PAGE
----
1825: Jean Brillat-Savarin’s seminal book on gastronomy, The Physiology of Taste, advocates a low-carb regimen.
1863: In a “Letter on Corpulence,” British undertaker William Banting documented the success of his low-carb diet, sparking a trans-Atlantic diet frenzy and the term “banting,” as in “are you banting?”—still used as a stand-in for being on a diet.
1890: “The Great Masticator,” Horace Fletcher argued that food should be chewed 100x a minute to obtain the perfect weight. John Harvey Kellogg, a doctor, health advocate and inventor of cornflakes, even invented a “Chewing Song” to encourage patients at his weight loss spa to chew their way to perfect health.
1925: Lucky Strike promotes the cigarette diet with the slogan “Reach for a Lucky instead of a Sweet”
1934: The United Fruit Company uses the testimonial of doctors to reposition bananas as the first superfruit, and skim milk becomes the foundation for future liquid diets.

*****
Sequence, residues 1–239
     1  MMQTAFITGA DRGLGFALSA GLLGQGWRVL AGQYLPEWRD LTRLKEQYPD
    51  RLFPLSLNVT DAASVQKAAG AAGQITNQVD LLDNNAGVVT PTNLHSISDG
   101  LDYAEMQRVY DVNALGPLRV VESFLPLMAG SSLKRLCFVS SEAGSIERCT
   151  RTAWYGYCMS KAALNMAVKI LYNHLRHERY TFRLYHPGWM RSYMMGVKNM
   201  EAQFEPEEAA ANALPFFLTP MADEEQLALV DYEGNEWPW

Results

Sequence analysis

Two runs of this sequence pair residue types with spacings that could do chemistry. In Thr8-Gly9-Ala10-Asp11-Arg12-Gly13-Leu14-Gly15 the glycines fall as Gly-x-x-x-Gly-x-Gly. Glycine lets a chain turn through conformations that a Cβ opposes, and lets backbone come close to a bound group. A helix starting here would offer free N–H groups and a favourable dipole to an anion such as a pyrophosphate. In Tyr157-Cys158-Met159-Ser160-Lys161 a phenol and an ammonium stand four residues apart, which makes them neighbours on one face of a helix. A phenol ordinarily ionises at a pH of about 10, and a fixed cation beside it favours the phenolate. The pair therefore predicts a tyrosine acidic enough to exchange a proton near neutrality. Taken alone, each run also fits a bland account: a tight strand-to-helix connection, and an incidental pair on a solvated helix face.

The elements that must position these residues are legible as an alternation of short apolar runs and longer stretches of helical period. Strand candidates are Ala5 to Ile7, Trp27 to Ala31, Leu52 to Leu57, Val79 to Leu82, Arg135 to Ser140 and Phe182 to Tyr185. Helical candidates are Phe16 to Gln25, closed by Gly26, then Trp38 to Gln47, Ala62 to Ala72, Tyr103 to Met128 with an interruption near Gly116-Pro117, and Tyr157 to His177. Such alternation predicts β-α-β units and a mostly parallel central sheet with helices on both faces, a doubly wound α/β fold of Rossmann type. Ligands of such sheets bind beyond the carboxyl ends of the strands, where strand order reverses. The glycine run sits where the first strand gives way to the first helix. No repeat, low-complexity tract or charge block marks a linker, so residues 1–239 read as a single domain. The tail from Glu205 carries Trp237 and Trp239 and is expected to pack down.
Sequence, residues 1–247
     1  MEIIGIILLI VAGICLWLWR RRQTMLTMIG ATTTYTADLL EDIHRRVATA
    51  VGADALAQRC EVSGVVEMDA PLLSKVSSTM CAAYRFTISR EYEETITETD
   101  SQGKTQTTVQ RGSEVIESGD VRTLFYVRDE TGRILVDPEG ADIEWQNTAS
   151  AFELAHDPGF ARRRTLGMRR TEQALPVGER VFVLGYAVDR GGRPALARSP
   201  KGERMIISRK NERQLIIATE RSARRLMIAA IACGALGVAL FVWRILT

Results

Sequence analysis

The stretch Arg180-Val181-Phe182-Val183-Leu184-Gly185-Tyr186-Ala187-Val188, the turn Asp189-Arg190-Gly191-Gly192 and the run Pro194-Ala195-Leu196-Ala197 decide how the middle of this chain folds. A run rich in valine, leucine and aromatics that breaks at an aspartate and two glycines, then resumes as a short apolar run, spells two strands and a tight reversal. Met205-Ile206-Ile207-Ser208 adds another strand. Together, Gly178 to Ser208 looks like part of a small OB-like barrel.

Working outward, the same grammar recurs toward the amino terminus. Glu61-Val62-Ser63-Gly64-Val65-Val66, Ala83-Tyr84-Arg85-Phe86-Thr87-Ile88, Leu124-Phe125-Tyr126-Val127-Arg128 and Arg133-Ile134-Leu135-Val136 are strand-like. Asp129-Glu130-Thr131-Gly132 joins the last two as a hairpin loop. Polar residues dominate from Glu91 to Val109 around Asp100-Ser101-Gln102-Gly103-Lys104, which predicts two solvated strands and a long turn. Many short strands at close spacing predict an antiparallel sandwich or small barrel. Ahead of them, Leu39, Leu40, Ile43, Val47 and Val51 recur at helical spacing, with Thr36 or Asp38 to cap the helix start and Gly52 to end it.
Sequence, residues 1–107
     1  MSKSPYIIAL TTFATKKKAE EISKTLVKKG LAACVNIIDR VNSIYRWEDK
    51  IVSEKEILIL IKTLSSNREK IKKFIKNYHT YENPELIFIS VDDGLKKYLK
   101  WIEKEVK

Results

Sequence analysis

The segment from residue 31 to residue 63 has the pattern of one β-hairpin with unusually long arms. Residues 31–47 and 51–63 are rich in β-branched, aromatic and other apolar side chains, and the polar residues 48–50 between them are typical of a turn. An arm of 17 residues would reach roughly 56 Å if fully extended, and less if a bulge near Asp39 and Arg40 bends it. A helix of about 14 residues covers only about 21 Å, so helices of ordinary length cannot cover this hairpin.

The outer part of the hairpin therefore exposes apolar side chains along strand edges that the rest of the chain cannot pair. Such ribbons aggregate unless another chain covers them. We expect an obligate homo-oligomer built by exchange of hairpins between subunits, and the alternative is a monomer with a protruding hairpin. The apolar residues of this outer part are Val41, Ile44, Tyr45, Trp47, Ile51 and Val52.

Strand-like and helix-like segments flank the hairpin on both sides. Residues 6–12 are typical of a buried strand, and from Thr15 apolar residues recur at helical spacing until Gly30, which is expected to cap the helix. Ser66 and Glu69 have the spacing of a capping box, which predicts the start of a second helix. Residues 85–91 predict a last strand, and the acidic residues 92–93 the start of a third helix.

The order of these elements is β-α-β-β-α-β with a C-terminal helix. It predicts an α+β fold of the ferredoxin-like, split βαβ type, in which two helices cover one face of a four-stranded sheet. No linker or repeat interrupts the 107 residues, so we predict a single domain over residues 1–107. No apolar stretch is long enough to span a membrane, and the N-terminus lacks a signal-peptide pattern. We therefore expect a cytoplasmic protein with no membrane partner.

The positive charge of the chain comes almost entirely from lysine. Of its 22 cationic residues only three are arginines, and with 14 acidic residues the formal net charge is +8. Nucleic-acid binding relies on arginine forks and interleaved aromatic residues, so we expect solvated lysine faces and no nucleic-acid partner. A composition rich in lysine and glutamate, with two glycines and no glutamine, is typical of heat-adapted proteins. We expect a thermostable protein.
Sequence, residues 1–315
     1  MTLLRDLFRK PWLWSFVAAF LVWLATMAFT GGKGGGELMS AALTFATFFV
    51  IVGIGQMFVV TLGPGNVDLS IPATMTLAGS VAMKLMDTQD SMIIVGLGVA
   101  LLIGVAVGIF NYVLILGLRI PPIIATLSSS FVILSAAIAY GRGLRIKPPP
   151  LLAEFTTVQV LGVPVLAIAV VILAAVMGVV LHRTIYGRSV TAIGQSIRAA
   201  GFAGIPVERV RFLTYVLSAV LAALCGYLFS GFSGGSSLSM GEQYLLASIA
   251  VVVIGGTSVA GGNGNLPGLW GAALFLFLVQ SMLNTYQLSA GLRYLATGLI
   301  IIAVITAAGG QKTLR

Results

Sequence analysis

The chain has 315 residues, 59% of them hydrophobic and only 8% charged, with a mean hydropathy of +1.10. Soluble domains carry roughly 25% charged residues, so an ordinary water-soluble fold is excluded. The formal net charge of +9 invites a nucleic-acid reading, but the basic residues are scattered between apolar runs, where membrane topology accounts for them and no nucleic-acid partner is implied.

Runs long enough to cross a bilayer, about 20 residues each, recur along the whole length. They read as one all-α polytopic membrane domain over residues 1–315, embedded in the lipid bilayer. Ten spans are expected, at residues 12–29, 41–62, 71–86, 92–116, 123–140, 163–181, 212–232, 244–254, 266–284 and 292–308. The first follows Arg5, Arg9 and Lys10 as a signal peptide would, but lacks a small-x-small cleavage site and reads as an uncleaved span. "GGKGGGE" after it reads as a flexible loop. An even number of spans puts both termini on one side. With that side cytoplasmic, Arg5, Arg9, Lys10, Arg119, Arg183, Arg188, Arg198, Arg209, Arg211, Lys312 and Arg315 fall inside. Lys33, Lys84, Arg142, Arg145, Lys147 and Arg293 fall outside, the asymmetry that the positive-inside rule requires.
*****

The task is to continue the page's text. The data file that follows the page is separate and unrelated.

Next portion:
1950: Greta Garbo’s lover, Gayelord Hauser, is the first diet guru to the stars. His plan of grains, vegetables, molasses, yogurt, brewer’s yeast and more was crystallized in his hit book Look Younger, Live Longer.
1988: Oprah Winfrey catapults into daytime television infamy, pulling a red flyer wagon of animal fat representing the 67 pounds she lost on the Optifast liquid diet.
2003: Madrid-based nutritionist to the stars Terica Uriol develops the Bocadillo diet.
2008: Japanese supermarkets experience a 70% jump in banana sales after the Morning Banana diet claims that a banana with room temperature water fuels weight loss.
2014: The Werewolf Diet, aka the Moon Diet, created by Argentinian orthopedic doctor Rolando Ricci in 1988, makes a comeback when an Italian lifestyle publication reports that Hollywood celebrities are eating according to the cycles of the moon.
2017: A big year for independent clean label brands like RXBAR (acquired by Kellogg’s for $600 million) and KIND Snacks (Mars became a minority stake investor, valuing the company at more than $4 billion) signals that Big Food is responding to the shift from calorie counting to healthy eating.